There are two potentiometers on the launcher that act as encoders for sensing what angle the pan motor and arm motors are at. This ensures for proper interfacing with the currently read angle and the set point angle from the received data of angle and distance. The encoders are critical for the PID control and Bang-Bang control in the launcher’s Firmware to work, as they tell the launcher how much more it needs to move before it hits the set point. These thus help Frost understand its own orientation and adjust accordingly.
The LIDAR is a spinning distance sensor, in order to grab a live 2D scan of its surroundings. We created one from a Lidar Lite V3 linear distance sensor. We used 3 small DC motors to spin the whole contraption. A photo interrupter and encoder wheel can determine the LIDAR’s position. The encoder wheel has a slightly larger hole than the others. This way, we can determine the LIDAR’s zero position for syncing and calibration. The housing and internals are mainly 3D printed, with the exception of the bottom plate and encoder wheel. The LIDAR’s data is used in the LIDAR module, where the readings are converted from hexadecimal measurements to base 10 numbers for angle and distance. The LIDAR sits at the front of the robot near the Kinect, acting as stereoscopic vision to the eyes. This is the main sensor that allows Frost to sense its environment.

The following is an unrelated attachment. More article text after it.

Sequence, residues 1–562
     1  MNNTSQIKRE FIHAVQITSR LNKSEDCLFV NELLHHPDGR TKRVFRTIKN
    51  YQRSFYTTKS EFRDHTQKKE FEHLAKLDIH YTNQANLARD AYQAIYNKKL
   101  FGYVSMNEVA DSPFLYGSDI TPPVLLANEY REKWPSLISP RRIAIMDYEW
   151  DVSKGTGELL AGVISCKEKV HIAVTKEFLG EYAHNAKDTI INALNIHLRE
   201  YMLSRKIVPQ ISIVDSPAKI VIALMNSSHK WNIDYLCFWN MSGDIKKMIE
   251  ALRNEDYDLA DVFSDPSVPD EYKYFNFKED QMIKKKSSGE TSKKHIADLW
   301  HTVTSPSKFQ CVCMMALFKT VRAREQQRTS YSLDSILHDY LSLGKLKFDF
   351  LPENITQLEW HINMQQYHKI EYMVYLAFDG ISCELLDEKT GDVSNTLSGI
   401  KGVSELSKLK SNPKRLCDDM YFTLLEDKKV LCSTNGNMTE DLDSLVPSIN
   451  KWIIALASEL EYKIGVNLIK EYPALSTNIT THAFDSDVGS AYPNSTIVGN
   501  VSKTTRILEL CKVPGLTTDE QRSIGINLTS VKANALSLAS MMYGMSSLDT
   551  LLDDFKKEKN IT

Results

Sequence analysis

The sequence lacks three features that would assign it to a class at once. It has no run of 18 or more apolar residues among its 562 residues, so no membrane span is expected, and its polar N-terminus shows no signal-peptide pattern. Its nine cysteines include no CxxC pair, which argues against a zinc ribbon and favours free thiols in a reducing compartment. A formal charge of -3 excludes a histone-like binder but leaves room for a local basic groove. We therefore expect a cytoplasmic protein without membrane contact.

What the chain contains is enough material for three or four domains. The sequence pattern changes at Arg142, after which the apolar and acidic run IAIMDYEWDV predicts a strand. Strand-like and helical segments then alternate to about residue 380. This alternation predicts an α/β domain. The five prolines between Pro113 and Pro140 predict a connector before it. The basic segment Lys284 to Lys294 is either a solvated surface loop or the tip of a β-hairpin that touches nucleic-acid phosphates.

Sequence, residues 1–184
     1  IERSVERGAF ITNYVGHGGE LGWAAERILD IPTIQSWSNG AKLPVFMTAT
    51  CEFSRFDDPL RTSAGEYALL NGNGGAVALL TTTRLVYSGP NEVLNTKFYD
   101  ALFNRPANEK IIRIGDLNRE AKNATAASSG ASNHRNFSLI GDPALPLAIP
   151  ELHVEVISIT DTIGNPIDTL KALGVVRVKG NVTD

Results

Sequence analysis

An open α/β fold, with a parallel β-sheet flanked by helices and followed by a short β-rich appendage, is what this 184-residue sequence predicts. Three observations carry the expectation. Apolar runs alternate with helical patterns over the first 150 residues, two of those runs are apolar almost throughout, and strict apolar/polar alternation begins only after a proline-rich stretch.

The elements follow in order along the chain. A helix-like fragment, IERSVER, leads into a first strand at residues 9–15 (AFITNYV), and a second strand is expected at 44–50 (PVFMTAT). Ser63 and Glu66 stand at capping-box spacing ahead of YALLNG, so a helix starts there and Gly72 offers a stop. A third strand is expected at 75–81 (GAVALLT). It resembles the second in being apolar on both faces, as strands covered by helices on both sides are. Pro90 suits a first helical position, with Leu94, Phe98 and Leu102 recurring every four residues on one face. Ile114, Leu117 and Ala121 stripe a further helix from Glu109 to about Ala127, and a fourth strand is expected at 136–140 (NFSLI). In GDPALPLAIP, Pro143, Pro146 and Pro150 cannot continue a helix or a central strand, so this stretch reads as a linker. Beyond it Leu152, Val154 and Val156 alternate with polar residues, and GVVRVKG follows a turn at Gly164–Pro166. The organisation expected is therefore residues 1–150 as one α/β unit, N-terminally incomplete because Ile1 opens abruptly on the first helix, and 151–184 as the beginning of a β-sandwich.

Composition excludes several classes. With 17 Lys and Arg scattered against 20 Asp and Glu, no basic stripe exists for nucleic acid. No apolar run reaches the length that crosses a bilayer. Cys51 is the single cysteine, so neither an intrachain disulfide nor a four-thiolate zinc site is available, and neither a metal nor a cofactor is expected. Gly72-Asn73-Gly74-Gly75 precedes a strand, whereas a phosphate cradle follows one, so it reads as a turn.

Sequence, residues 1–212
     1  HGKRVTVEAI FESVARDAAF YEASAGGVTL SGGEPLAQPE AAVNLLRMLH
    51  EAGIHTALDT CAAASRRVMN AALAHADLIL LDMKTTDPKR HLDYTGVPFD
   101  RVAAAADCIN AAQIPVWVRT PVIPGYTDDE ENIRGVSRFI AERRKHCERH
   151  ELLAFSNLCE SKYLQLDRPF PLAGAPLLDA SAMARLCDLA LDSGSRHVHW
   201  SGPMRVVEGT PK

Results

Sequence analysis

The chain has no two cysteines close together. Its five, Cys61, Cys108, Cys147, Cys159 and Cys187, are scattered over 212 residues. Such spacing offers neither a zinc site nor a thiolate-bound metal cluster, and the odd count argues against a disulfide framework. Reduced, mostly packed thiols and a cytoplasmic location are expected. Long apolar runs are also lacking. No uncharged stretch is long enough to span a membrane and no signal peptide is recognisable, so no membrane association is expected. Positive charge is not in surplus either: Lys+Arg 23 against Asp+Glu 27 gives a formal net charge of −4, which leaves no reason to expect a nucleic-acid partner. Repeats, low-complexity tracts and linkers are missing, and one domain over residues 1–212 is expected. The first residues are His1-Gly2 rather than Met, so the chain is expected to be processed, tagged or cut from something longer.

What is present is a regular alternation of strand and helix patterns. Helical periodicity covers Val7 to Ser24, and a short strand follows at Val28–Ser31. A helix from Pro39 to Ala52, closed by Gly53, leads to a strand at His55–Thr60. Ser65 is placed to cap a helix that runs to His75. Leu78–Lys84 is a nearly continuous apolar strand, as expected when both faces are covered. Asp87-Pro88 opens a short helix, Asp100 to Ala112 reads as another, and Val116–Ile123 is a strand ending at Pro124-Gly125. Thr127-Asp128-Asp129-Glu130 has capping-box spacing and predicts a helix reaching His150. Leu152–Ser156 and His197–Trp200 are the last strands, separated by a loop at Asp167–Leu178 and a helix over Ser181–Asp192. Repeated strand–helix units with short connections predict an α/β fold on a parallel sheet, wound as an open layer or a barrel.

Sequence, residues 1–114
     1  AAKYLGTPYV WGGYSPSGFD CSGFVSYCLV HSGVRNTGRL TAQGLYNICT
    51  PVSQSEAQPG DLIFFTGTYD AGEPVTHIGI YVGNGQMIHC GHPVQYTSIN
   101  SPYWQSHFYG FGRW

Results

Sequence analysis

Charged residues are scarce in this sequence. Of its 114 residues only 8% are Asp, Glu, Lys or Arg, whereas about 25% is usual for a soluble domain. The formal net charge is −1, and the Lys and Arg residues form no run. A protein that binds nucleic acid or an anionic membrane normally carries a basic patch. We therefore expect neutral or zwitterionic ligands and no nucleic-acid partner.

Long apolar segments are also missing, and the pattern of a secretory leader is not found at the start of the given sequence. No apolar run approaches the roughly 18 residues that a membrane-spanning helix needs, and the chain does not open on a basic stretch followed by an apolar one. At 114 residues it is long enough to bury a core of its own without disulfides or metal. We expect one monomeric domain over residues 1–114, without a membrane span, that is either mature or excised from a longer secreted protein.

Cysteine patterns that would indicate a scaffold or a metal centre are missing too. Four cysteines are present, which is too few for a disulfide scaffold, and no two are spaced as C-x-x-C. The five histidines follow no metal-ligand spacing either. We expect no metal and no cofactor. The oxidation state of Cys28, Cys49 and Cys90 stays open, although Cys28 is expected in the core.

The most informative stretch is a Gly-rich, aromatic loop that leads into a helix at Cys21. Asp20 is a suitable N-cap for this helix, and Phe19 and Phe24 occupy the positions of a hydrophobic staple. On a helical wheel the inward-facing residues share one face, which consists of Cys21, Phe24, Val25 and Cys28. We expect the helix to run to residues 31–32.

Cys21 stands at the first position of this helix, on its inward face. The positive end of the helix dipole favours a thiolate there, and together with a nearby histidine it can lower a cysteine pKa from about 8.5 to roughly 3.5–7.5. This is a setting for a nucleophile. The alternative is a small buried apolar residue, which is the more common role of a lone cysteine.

We referenced this page to make our Lidar
The Kinect actually has multiple different sensors, including a camera and two infrared sensors. Because the infrared sensors don’t have the range needed for our project, we only utilize the functionality of the camera. The Kinect camera is used in the Body Detection module in Software to find and track human bodies. The camera sits at the front of the launcher and thus is placed in a way to match human eyes for maximum functionality. This is the main sensor that allows Frost to differentiate its environment and tell what is what.